“Our experience working with more than 2,000 families has made one fact very clear,” Ms. O’Mahoney said. “Unless parents clearly understand their child’s learning issues, what the effective teaching methodologies are to address those issues, and the intricacies of the process they need to use to ensure the school provides those services, there is a strong likelihood that their child is being under-served.”

Faith Filiault, a special education advocate based in Wilton and owner of Advocate with Faith, agreed. She advised parents who already have education plans for their students with special needs to start the new school year by requesting progress data and grade-level curriculum to prepare for the coming year.

Parents should request monitoring data from the last school year quarter and data from summer school, if pertinent, and compare it with the progress report and baseline data, which the district should provide, Ms. Filiault said.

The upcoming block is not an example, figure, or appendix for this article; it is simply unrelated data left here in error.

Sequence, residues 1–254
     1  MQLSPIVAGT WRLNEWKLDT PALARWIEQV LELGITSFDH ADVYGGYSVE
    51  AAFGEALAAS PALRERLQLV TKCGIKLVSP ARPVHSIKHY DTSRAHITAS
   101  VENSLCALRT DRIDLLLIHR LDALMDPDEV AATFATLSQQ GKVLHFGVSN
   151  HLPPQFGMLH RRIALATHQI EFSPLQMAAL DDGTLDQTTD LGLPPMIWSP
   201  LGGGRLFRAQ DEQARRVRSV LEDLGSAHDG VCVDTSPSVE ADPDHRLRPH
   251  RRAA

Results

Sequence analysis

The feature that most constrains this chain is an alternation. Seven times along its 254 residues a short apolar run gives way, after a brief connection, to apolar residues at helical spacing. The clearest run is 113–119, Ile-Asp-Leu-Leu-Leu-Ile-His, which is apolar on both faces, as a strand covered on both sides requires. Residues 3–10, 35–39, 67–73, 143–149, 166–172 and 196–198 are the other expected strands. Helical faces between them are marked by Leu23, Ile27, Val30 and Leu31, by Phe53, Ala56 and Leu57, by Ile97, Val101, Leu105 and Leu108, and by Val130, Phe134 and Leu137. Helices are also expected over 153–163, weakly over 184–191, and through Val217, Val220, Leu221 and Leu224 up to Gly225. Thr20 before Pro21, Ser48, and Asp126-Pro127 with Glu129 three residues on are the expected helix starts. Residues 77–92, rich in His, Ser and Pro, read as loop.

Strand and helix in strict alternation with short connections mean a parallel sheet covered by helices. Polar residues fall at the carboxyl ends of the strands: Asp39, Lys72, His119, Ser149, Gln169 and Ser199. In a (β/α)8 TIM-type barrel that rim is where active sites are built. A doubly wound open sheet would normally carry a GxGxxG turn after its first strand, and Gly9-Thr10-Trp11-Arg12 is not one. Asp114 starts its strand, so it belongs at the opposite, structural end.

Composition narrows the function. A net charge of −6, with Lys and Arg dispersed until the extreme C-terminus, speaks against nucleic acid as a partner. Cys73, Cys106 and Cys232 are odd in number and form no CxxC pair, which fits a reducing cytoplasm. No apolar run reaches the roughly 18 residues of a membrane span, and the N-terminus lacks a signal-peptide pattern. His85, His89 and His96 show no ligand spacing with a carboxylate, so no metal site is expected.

Through the Family Educational Rights and Protection Act, or FERPA, parents have the option to request all records related to their child’s education.

Kathleen Casparino, a former special education teacher who later became an advocate, said parent involvement is key at every turn.

“The overarching theme should be informed parental involvement,” Ms. Casparino said. “It is an intimidating process and parents should know they have the right to be included as full team members. This includes the right to ask for clarification when they don’t understand something.”

She added, “I cannot underscore enough the importance of parents reading and understanding their child’s IEP.”

Parents can get help through the Connecticut Parent Advocacy Center (, a state-supported organization that offers information and support, such as pro bono legal help, to parents of children with disabilities. They can be reached at 800-445-2722.

There are also many tutoring centers that offer additional help for parents.

For those interested in learning more about special education law and advocacy, Pete Wright, a Virginia lawyer, professor and founder of, will be speaking at a conference in Wilton on Thursday, Oct. 17, at the WEPCO building at 48 New Canaan Rd. The cost is $190 and up. For more information, visit and click on the WrightsLaw conference logo on the left.

Navigating special education can be difficult for parents | The Redding PilotThe Redding Pilot.

Jimmy Kilpatrick, a national recognized professional special education advocate since 1994.